The relevant substantive rules are now embodied in sections 132132A and 133 of the Act.

Section 132 provides that a defendant or prosecutor may apply for a District or Supreme Court trial to be tried by a judge alone – which is referred to as a ‘trial by judge order’.

The section says that upon such an application being made, the court:

  • Must make such the order if both parties agree,
  • Cannot make the order if the defendant disagrees,
  • May make the order if the prosecution disagrees if it is in the interests of justice to do so,
  • May refuse to make the order if the trial will involve a factual that requires the application of objective community standards, such as reasonableness, negligence, indecency, obscenity or dangerousness,
  • Must refuse to make the order unless satisfied the defendant has sought and received advice about such orders from an Australian lawyer, and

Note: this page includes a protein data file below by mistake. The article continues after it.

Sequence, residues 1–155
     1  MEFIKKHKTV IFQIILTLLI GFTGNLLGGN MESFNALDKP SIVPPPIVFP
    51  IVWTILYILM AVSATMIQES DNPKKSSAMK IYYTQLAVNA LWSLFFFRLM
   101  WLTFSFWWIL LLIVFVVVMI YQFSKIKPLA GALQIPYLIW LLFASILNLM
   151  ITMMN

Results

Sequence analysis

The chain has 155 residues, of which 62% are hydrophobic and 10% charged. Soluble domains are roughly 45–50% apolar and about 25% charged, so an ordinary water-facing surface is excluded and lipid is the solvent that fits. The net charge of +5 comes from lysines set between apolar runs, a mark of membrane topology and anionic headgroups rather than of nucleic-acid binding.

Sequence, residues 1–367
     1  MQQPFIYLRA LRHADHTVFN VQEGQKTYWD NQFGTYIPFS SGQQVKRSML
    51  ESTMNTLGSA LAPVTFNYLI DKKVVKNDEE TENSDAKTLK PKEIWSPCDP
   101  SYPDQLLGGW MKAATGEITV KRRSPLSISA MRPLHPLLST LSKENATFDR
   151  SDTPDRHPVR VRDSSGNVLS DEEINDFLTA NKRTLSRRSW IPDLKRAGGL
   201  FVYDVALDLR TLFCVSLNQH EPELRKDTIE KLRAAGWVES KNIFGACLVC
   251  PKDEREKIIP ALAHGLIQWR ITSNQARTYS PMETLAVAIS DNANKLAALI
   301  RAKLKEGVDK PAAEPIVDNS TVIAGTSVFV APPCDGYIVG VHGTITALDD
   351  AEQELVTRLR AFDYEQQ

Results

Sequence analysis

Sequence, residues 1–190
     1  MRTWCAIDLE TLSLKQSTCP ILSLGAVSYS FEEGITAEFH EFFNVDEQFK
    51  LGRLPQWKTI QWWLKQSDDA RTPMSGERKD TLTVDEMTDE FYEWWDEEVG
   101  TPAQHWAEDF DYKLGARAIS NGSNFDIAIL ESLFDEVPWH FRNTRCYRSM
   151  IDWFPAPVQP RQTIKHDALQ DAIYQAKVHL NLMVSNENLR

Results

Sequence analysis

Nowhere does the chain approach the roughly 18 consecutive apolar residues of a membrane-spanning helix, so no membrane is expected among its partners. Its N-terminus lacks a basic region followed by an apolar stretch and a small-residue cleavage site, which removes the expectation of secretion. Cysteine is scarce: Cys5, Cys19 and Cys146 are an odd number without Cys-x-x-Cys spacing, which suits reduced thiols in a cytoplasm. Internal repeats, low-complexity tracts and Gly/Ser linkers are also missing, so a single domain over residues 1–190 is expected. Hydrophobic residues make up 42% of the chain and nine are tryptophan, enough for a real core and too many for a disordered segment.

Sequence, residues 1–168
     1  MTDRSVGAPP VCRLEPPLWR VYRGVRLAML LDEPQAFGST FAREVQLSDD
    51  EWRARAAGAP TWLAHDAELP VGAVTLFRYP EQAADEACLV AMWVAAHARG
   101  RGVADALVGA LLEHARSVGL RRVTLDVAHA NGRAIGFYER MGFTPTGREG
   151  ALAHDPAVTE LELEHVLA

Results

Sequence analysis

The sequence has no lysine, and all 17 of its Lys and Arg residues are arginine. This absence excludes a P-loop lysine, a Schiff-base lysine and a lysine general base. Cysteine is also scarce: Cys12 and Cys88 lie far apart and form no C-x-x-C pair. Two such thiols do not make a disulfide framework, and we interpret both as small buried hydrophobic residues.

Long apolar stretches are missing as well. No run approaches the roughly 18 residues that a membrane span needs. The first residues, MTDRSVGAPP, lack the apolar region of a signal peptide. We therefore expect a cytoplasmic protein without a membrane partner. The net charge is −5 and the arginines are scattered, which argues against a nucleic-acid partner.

• May make the order despite any of the above if there is a substantial risk a jury trial may lead to an offence of interfering with jurors, witnesses or judges under sections 320 to 326 of the Crimes Act 1900 (NSW),and that risk cannot be mitigated.

Section 132A requires that an application under section 132 for criminal proceedings must be made at least 28 days before the trial date, except with the leave (permission) of the court.

It further provides that an application must not be made in a joint trial – meaning a trial with more than one defendant – unless all defendants apply and each application is made in respect of all offences being tried.

Section 133 empowers a judge sitting alone in criminal proceedings to make findings of fact, which is normally the responsibility of the jury. It requires the judge to include the applied principles of law and findings of fact in any judgement, and to take into account any warnings that would normally be given to the jury.